With the first brew poured off, the leaves offer a distinctly roasted character with nutty, fruitwood fireside notes. After the second brew the aroma of the brewed leaves turns a bit fruity, with a warming spice sweetness reminiscent of pumpkin pie. The tea has a roasted flavor upfront, followed by a sweetness like grilled fresh corn. Then it moves into a more balanced, rich, complex character and smooth texture. The second visual assessment of competition teas is the purity of color and transparency of the brewed tea. It should be clear and luminescent.
This month's batch of tea being shared with the Eco-Cha Tea Club was entered into the winter 2017 Nantou County Tea Trade Association's Dong Ding Jin Xuan Tea Competition, and received the Gold Medal Award. This award ranks within the top 5% of all entries. This competition has been in existence for almost 25 years. It began with the development of Jin Xuan tea production in the early 1990's.
This month's batch of tea being shared with the Eco-Cha Tea Club was made by Mr. Su — an 80 year-old artisan of traditional Dong Ding Oolong Tea. He planted a plot of the Tie Guan Yin strain in his backyard several years ago, and this is the second time we've sourced this tea type from him. Mr. Su is our favorite representative of traditionally made tea in Taiwan, and it brings us a special kind of joy to be able to share his tea with our tea club members.
This batch has a particularly sweet character, with slightly tangy, fruity notes and a pleasantly clean lingering aftertaste. It has just enough of that cured, almost fermented character that makes it reminiscent of a traditionally made Tie Guan Yin Oolong. But given that it was only roasted once, it maintains a mild flavor profile similar to a Hong Shui Oolong.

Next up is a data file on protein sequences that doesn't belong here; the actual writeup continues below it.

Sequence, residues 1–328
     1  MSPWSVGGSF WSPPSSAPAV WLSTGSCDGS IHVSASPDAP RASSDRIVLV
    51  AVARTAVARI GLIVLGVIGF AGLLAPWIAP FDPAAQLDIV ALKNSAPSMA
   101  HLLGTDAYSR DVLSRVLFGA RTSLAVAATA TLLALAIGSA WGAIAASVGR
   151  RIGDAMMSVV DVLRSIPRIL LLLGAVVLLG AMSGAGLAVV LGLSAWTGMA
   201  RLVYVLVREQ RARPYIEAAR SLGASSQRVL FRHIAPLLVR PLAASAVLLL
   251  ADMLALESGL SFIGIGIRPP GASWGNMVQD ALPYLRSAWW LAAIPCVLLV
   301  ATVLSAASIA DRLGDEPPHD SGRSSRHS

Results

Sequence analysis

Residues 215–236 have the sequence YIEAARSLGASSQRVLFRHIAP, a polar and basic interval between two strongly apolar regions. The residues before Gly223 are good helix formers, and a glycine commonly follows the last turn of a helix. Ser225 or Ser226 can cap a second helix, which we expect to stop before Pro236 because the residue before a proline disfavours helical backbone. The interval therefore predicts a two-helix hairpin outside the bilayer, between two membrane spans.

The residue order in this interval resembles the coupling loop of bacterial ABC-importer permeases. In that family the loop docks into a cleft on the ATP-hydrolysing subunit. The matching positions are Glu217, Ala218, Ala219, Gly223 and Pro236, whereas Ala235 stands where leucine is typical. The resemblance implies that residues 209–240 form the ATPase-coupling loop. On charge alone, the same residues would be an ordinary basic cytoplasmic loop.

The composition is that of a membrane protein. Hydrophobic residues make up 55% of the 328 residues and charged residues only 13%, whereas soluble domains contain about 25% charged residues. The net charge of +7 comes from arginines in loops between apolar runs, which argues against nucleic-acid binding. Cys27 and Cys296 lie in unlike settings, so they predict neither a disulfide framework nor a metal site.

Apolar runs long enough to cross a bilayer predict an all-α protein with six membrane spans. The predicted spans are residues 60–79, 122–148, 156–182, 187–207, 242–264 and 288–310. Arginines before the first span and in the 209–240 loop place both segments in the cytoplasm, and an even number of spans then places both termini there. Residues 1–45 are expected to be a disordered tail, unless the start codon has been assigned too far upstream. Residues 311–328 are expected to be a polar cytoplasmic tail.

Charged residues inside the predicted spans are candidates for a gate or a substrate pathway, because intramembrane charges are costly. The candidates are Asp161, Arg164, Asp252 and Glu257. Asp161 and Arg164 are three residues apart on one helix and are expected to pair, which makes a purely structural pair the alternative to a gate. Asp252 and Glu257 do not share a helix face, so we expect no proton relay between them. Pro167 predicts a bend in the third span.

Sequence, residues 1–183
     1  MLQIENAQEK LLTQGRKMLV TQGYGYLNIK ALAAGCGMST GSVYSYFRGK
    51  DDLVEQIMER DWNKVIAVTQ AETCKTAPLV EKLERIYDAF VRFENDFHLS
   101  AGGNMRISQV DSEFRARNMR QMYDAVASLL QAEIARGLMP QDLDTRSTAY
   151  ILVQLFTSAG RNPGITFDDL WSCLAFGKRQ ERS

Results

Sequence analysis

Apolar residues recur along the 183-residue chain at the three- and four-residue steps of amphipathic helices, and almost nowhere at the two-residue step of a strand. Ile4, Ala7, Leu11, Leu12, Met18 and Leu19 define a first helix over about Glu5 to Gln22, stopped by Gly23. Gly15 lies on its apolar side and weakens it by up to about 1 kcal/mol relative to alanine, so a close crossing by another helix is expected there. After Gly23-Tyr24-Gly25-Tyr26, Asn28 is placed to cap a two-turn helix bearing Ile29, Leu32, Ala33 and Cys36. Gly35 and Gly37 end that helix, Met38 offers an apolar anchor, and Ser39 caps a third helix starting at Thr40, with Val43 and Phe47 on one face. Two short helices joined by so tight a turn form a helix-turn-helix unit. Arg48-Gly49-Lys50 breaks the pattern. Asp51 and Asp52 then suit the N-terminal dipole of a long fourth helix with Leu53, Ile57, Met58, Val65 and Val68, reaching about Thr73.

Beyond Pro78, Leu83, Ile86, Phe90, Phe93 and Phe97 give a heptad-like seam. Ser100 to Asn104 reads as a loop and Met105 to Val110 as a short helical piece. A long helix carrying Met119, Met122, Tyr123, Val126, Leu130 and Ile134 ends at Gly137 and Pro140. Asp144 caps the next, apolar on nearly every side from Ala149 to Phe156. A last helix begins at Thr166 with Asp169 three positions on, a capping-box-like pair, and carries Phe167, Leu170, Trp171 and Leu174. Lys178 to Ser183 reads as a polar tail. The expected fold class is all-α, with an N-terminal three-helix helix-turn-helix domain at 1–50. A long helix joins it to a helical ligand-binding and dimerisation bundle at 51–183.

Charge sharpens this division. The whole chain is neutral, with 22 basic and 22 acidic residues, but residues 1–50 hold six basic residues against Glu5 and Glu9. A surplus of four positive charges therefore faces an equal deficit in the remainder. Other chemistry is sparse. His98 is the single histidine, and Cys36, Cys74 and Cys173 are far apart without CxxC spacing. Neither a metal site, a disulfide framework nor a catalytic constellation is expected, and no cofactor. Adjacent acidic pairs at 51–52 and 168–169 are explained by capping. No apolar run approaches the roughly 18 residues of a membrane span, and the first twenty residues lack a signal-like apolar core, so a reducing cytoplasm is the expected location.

Our monthly missions to find exceptional singular batches of tea to share with the Eco-Cha Tea Club have led us full circle back to where we were exactly 2 years ago — in the workshop of our favorite elder artisan Mr. Su. On the day we stopped by and snapped the photo above, we found him tasting his batches of tea one last time before entering them into the world's largest Oolong Tea competition, where he has won Champion Prize. But we were visiting him with another type of tea in mind — the tea we sourced from him and shared with the Eco-Cha Tea Club in January 2016, which we named Dong Ding Tie Guan Yin Oolong.
The image above portrays the visual character of the tea being shared in this month's Eco-Cha Tea Club. It's a rich, hearty brew that is both smooth and complex with a heady finish that is specific to an aged Oolong. The bubbles created in the tea pitcher when pouring off the brewed tea indicate that the essential aromatic oils and other key constituents have been preserved and concentrated in the aging process. We are excited to share this rare batch of Wuyi Oolong that was cultivated, cured, and aged at the southern tip of Taiwan in the tiny village of Gangkou, Pingtung County.